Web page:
Hockey: Ax the Tax… Office.

As part of the National-Liberal Coalition's plan to give Australia a small government, the next federal treasurer, Joe Hockey ("conservative, centre right, libertarian") has announced the Coalition's plans to make the Australian Taxation Office less efficient.

In his address today to the National Press Club, Hockey decried the ATO's attempts at being efficient: the next Coalition government will conduct an inquiry into the handling of tax disputes. Once the inquiry finds that the ATO is only trying to fulfil its legal duty of making sure extremely rich tax payers actually pay their taxes, the Coalition will break up the tax office, "so that its policeman functions are separate to its responsibility for administering the tax system". (See here)

"Small businesses work hard for their money and should not be bankrolling government", Hockey said (see here). "Taxpayers are not the enemy. They should be respected".

In a video message to the Australian Mines and Metals Association conference in Melbourne delivered last week, Australia's richest small businesswoman, Gina Rinehart, pleaded that "miners and other resources industries are not just ATMs for everyone else to draw from". (See here)

It's nice to see Rinehart's pleas were promptly echoed by Hockey, almost to the letter.

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By sheer coincidence, during the last few days the subject of tax avoidance has been widely discussed in the media.

In Britain, Margaret Hodge, MP and chair of the Public Accounts Committee, told last week Google's northern Europe boss, Matt Brittin, that his company's behaviour on tax was "devious, calculated and, in my view, unethical". (See here)

"I think that you do evil", added Hodge.

The British equivalent of the ATO, Her Majesty's Revenue & Customs (HMRC) was severely criticized during those hearings.

Lin Homer, HMRC permanent secretary, said the law needs to be changed before Google can be compelled to pay more tax.

Hodge accused the tax authority of failing in its duty and said it should take a tougher stance with Google:
" 'We don't trust your judgment,' Hodge said. 'You have lousy judgment and the people making those judgments aren't fit for purpose'."
Luckily, the Coalition will make sure similar things do not happen Down Under...

Here we'll have no hearings on tax evasion: inquiries here are on those trying to stop tax evasion.

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But, in this most egalitarian country, not all pleas are equally heard. The Salvation Army released today the results of a survey, on 2705 users of the organization's emergency relief services.

Since the Gillard Government (labor, centre left) decided to shift 84,000 single parents to the lower-paying Newstart allowance, there was a 12% increase in the number of those seeking help from the Salvos.

The pleas to reverse the decision receive the usual answer, from both Coalition and Labor politicians: get a job. You know: Australia needs to cut its deficit by sending you into misery, while the richest small businesspeople must not pay taxes. It's a matter of respect.

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The incoming treasurer promised his Canberra audience that "tomorrow will be better" if the Coalition takes power next September.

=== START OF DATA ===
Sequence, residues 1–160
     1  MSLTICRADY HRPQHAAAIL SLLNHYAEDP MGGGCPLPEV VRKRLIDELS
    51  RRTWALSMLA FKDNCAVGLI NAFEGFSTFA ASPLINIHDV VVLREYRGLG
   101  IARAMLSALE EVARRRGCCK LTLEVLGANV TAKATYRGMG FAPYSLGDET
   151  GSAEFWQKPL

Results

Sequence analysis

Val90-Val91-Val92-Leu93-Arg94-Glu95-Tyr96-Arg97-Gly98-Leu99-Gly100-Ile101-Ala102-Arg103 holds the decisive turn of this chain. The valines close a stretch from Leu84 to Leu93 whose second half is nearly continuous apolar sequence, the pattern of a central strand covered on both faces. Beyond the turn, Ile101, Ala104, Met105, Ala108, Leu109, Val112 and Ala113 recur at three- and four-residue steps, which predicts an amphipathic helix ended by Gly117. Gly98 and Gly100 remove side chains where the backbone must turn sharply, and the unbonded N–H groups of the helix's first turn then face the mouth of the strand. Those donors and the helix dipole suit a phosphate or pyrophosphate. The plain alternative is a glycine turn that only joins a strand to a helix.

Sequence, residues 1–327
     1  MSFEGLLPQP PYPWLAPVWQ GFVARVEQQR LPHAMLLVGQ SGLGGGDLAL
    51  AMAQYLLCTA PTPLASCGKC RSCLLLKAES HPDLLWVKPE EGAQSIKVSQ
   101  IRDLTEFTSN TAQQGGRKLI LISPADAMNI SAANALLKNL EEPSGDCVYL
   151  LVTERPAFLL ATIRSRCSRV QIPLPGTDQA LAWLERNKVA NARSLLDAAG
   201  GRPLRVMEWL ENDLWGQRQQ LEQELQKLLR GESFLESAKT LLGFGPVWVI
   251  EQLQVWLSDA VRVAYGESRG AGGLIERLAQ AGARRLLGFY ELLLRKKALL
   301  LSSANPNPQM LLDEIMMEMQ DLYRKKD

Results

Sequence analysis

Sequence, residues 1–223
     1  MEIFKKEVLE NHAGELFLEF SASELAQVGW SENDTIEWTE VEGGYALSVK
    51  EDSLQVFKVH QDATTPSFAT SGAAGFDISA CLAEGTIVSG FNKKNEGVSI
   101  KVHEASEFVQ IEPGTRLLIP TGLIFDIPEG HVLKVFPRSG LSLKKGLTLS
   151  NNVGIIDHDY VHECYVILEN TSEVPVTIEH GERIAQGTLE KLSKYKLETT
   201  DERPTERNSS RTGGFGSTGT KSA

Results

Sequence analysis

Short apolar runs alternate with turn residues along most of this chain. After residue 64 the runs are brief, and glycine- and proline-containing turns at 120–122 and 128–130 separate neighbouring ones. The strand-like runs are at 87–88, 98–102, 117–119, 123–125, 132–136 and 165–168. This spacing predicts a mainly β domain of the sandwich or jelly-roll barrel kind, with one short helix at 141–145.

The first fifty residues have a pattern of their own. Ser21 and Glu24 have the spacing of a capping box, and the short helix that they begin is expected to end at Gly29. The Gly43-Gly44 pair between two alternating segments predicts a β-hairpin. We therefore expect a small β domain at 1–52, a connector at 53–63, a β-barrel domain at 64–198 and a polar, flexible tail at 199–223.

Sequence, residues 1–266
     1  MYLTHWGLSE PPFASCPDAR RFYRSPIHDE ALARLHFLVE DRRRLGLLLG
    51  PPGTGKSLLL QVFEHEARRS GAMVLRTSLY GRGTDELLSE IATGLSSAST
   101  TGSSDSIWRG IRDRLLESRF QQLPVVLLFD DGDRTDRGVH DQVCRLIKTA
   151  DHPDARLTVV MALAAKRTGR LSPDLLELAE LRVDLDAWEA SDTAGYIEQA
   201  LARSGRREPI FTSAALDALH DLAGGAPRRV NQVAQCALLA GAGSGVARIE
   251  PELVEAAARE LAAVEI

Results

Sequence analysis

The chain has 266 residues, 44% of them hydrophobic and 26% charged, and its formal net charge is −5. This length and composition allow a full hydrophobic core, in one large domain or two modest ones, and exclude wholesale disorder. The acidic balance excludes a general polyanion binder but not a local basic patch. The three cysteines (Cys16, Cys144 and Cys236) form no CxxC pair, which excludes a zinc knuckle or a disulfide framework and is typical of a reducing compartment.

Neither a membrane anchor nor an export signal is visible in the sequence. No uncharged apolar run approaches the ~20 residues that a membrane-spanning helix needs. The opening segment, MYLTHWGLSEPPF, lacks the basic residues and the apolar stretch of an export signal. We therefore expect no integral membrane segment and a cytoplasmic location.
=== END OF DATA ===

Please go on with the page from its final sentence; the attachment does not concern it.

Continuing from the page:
"I believe that in my heart," he said.

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I'm no cardiologist, so I don't know what his heart says or even whether he actually has one. But I have a functional brain and it tells me that these people don't give a fuck about us. It also tells me who they actually represent. And it ain't us.

It's time you understand this.

Monday, May 20, 2013

So, What About Marx?

Prof. Daniel E. Little (Chancellor for the University of Michigan-Dearborn and Professor of Philosophy) authored a short summary of Marx's work entitled "What About Marx?".

While some of Little's observations may be debatable (see the comments thread in the link, including a comment by Prof. Fred Moseley, of Mount Holyoke College), one thing must be acknowledged: in the current climate, where the mere fact of using Marxist terminology attracts acerbic criticism, if not outright abuse, Little shows uncommon courage.

Little concludes with these words:
"So what about it? Is Marxism relevant today? Yes, if we can avoid the dogmatism and rigidity that were often associated with the tradition. Power, exploitation, class, structures of production and distribution, property relations, workplace hierarchy -- these features certainly continue to be an important part of our social world".

Wednesday, May 15, 2013

The Pilkington Critique.

Prof. Corey Robin (from Brooklyn College/City University of New York, a Crooked Timber collaborator and blogger) has long maintained that the thoughts of the two Friedrichs (Hayek and Nietzsche) are linked.

In his latest essay (and companion introductory piece) Robin goes one step further: there are striking similarities, he argues, between the marginalist (also known as neoclassical) and Nietzschean theories of value. Among other similarities that Robin outlines, both theories are strictly subjective and both lead to highly hierarchical views of society.

Personally, I find his reasoning compelling, intriguing and full of important implications; but not being acquainted with Nietzsche's thought, I can't say whether Robin made his case beyond any possible objection. I'd recommend interested readers to read Robin's essay (warning: it's long, and it would be better to read the introductory post first).

Predictably, the essay generated a number of rather critical responses from the "conservative, centre right, libertarian" blogosphere. (See here, here and here, h/t Mike Norman Economics)

Much more surprisingly, perhaps, it also generated a critique from the "progressive" side of the spectrum.

Philip Pilkington ("a writer and research assistant at Kingston University in London" and frequent contributor of Naked Capitalism), after a brief acknowledgement of Robin's work (to the extreme of awarding Robin an interview!), goes on to say: